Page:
Usually when I prepare to lead a group in Bible study, I try to go the extra mile. Besides reading the Bible text that we’ll be looking at (that’s the necessary bare minimum!), and reading the same supplemental material I assign to the group, the extra step is consulting one more commentary. That protects me from just parroting back what they’ve already read, and helps me to interact with a third perspective on the passage—the first being mine and the second being the shared supplemental resource. Recently I taught a study on the Bible’s book of Judges and the extra-credit commentary I used was a hoot to read. Not that it surprised me coming from the snarky, insightful, studious, persuasive, and best of all faithful pastor-teacher Dale Ralph Davis. His commentary in the Focus on the Bible series is called Judges: Such a Great Salvation (hereafter JSGS). My first introduction to Davis’s unique style was a year or so ago when I consulted his commentary on 1 Kings in preparation for a sermon. The way he presented his interpretation of chapter 18 convinced me to change what I thought was the main point of the story. While I didn’t have another paradigm-shifting epiphany this time around, his take on the book of Judges was invaluable. What makes JSGS such an excellent Judges commentary? I’m glad you asked!
JSGS is an expositional commentary. That means it reads like an “thoroughly-prepared” sermon that seeks to explain, illustrate, and apply a particular Bible passage to a congregational audience. I say “thoroughly” because I can’t image chapters like these preached in most churches simply because they contain portions that are a little too technical for the pulpit. Gotta communicate with all types, you know? Actually, since Davis has been both a seminary professor and a preacher, each chapter in his book is likely a combination of the fruit of sermon prep for the church and lecture prep for the classroom. In my opinion, that mix makes for the most interesting and useful combination for a Bible study—either for personal devotion or group discussion.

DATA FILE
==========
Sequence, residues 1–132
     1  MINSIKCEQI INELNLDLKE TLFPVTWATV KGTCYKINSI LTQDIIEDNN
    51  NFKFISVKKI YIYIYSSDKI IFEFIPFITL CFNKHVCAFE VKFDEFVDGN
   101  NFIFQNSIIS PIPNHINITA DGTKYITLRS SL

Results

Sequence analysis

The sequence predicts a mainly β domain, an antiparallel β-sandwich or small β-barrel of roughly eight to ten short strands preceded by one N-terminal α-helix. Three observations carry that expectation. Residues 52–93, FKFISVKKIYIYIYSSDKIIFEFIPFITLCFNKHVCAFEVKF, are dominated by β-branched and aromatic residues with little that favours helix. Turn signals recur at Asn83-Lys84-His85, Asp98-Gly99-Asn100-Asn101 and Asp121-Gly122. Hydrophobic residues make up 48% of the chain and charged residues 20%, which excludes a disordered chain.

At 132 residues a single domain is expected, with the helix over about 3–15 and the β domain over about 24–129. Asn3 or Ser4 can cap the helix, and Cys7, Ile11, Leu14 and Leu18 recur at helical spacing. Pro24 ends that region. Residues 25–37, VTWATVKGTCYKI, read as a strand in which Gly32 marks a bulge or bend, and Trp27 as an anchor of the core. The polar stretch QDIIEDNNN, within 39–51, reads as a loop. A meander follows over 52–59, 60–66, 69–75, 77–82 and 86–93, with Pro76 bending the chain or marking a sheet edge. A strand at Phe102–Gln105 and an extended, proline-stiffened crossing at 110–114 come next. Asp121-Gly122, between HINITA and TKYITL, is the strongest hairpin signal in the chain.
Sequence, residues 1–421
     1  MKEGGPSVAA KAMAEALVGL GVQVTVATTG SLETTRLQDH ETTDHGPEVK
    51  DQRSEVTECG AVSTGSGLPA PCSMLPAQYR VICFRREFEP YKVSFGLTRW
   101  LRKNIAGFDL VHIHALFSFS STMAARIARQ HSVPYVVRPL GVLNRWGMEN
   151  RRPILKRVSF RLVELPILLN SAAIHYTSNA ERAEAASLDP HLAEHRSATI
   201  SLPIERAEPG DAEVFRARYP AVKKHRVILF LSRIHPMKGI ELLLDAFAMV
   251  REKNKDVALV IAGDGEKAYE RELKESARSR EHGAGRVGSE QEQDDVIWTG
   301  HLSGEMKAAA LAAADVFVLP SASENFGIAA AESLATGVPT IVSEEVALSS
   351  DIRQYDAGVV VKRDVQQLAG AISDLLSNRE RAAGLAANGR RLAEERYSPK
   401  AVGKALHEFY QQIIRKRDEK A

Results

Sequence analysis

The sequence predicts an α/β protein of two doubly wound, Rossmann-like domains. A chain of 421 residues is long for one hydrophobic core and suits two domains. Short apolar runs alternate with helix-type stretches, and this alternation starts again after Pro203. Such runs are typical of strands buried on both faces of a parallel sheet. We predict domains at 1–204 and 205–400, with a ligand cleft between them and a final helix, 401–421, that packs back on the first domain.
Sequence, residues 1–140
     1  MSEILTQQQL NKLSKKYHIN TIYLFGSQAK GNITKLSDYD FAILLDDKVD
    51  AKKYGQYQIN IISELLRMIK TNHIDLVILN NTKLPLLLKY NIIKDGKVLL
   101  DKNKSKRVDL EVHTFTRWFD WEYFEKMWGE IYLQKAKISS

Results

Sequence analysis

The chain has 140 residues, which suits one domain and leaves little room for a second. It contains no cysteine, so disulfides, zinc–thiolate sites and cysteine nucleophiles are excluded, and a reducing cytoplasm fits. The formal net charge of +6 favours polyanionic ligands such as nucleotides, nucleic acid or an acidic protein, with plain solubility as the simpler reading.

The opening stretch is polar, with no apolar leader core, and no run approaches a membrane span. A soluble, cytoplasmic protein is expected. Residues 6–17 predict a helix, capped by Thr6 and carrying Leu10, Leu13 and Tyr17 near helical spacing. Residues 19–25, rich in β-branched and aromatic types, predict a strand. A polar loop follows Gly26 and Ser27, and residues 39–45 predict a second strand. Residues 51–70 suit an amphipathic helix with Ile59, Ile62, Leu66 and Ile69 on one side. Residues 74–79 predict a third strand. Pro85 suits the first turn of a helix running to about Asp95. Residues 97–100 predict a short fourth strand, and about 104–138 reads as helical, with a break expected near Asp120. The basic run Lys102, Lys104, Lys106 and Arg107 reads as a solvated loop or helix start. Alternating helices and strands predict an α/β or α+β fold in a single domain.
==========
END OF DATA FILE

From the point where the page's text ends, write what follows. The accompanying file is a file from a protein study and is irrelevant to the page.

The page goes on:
What do I mean by technical details? For one, Davis consults and interacts with alternative and competing interpretations in the scholarly literature. Not only does he cite technical evangelical commentaries, but he also dialogs with critical commentaries and scholarly journals. That may sound like overkill, but Davis’s interpretive conclusions are very well informed compared to the vast number of popular-level commentaries. That lends weight to his decisions on what the Bible says and means. Another technical example is his use of literary-structural outlines of each passage. One feature of ancient literature, considering that it arose in cultures that transmitted their sacred stories orally, is the use of chiastic patterns to facilitate standardized storytelling and aid memorization. The Bible, particularly the OT, is chock-full of chiasms, and Judges is no exception. The neat thing about chiastic textual structure is it functions as an important interpretive key for discerning what the author considered important and even the main point of a passage (or even the whole book). Davis pays careful attention to the structural outlines that scholars have discerned in Judges, pondering their implications for accurate meaning and faithful exposition of the text. While many preachers would consider shaping their explanations around the structure of the text, JSGS goes so far as to present the structure to the reader. Maybe it wouldn’t work so well in a sermon, but in a book it’s surprisingly helpful. Even so, Davis is such a masterful and charismatic communicator that I wouldn’t put it past him to whip out a chiasm in a sermon and succeed in making it work.